Arabic calligraphy murals to fill Jeddah's streets as part of city's public art campaign

As many as 50 murals will be created across the coastal city's public squares, flyovers and buildings

Some of the murals will stretch more than 50 metres long and 3 metres high. Supplied
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Arabic calligraphy will soon fill the city of Jeddah through murals and street paintings.

Following the United Nations Arabic Language Day last week, the Jeddah municipality announced its initiative to install 50 Arabic calligraphy murals across the city as a way to enhance its public spaces. The artwork will cover main roads, sidewalks, flyovers, buildings and squares in the Saudi Arabian city.

Some of the works will be more than 70 metres long and 3 metres high.

Jeddah's mayor Saleh Al-Turki stated that the move also goes hand-in-hand with the Saudi Ministry of Culture's establishment of 2020 as the Year of Arabic Calligraphy and is in line with the Kingdom's Vision 2030.

Arabic Calligraphy murals fill the streets in Jeddah. Supplied

Anas Mohamed Serafi, the chairman of the Oyoun Jeddah Charitable Association (OJCA), a partner to the initiative, said the idea stemmed from a visual arts award for calligraphy, painting and photography held by the municipality last year. A number of winning works will be reprinted and displayed on the city walls.

Serafi told Arab News that the goal of the public art campaign is to "modernise, humanise and make our beautiful city more humane and civilised."

As part of the initiative, the Jeddah Corniche, a 30-kilometre stretch of coastal walkway along the Red Sea, has been transformed, with artworks on its sidewalks for pedestrians and cyclists to appreciate.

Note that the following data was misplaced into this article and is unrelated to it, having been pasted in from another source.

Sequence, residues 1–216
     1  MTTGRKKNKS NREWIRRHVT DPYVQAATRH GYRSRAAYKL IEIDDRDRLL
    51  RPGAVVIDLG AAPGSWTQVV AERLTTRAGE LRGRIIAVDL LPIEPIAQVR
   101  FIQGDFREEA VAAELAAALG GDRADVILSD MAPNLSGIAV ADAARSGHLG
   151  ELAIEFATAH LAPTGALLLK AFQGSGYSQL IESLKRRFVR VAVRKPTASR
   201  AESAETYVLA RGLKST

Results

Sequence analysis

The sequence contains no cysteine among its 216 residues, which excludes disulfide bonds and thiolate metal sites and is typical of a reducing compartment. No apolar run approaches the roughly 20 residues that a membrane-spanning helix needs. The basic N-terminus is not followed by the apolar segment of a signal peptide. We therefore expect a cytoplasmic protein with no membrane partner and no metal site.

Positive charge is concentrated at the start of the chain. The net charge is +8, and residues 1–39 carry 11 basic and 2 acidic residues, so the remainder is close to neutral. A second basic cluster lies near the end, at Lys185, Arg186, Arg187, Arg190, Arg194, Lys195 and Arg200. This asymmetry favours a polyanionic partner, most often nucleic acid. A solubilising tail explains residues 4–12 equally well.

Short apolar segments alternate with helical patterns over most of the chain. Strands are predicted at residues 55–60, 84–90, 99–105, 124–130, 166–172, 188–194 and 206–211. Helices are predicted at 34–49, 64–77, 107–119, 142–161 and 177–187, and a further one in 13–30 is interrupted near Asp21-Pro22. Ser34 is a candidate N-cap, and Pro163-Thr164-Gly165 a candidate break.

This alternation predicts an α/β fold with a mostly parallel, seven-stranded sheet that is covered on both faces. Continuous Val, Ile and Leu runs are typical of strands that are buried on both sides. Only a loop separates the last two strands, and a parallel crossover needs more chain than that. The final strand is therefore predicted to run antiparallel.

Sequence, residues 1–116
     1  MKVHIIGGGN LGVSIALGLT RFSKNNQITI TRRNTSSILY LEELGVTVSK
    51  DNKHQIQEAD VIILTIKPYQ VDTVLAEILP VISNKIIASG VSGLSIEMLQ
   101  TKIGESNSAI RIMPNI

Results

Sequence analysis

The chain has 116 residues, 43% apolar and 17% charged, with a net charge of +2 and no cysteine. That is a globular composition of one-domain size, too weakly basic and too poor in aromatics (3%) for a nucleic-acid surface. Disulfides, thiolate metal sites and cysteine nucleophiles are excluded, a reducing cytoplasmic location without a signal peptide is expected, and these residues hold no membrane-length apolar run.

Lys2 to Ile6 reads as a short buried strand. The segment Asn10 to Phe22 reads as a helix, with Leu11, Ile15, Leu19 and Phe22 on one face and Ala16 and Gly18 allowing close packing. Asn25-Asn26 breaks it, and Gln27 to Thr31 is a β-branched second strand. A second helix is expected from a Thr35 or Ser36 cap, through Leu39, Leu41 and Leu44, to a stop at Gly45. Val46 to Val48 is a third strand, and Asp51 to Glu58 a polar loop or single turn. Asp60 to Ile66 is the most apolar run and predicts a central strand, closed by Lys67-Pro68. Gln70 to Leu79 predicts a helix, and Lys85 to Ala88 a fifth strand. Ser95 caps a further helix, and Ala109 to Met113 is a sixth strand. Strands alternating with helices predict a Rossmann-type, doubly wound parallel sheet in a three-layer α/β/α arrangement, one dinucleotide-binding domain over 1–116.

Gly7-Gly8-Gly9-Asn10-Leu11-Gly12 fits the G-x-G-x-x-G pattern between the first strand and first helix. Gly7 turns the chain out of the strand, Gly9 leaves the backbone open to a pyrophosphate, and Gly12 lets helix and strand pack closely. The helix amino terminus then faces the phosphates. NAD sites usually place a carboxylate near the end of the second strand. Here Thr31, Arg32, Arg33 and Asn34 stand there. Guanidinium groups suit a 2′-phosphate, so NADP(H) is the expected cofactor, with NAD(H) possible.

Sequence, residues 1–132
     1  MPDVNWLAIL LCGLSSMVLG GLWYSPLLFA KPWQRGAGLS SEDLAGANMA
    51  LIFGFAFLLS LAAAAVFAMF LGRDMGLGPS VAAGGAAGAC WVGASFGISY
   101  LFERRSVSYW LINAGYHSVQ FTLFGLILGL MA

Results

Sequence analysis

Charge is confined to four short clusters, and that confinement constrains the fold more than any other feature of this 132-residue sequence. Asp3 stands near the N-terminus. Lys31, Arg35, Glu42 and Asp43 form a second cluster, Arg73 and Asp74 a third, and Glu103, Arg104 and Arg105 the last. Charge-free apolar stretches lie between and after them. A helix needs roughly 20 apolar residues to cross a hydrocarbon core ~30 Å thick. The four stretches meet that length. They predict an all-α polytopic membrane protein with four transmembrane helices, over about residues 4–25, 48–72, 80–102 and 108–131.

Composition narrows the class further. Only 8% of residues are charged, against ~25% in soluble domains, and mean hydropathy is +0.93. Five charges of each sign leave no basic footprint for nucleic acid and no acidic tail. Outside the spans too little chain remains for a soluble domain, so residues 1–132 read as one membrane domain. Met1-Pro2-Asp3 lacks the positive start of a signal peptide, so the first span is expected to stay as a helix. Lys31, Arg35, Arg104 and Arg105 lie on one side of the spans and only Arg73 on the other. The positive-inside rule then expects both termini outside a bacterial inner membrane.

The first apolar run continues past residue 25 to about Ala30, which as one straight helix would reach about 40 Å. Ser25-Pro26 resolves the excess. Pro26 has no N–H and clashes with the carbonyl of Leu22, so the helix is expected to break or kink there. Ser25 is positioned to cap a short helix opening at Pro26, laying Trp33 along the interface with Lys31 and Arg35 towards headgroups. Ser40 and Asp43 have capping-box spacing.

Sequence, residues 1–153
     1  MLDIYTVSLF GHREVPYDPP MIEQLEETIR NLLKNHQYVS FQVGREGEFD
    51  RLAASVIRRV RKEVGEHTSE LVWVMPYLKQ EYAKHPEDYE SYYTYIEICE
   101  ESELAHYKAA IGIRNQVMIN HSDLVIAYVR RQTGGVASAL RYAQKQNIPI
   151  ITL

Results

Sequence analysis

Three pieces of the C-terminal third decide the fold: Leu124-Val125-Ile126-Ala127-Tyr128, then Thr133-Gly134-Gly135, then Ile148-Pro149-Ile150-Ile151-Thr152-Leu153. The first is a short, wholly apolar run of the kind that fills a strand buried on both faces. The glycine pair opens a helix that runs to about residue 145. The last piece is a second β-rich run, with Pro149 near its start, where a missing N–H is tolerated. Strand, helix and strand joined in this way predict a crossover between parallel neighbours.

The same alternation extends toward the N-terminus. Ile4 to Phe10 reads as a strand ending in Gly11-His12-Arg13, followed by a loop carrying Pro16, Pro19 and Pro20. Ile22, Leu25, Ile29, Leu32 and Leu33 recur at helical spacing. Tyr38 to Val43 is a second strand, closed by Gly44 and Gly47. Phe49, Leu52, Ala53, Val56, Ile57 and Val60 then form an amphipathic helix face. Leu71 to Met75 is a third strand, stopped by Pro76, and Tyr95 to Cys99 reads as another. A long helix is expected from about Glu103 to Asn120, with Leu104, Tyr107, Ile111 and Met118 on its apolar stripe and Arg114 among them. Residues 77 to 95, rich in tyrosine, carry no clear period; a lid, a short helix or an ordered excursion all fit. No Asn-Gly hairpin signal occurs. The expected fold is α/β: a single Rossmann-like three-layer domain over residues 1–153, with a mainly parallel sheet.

To produce the works of Arabic calligraphy, Tasami Creative Lab, a local platform for artists, has been brought on board by the municipality, while Adel Al Zahrani, a professor of architecture at King Abdul Aziz University, will oversee the Corniche of Colours project.

Jeddah has a history of showcasing artworks in public spaces. In the 1970s, mayor Mohammed Said Farsi set out to beautify the city with more than 400 sculptures, including those by Joan Miro and Alexander Calder. In the 2000s, Art Jameel and the city municipality set out to restore some of the sculptures, which had begun to deteriorate and rearranged them into an open-air sculpture museum.

The project will see more than 50 Arabic Calligraphy murals fill the streets in Jeddah. Supplied

The result was the Jeddah Sculpture Museum in 2013 – set along the Jeddah Corniche, 20 artworks are currently scattered in the seven-kilometre park in the area, known to locals as “Al Hamraa”. The museum includes works by Miro, Henry Moore, Victor Vasarely and Saudi artist Maha Malluh.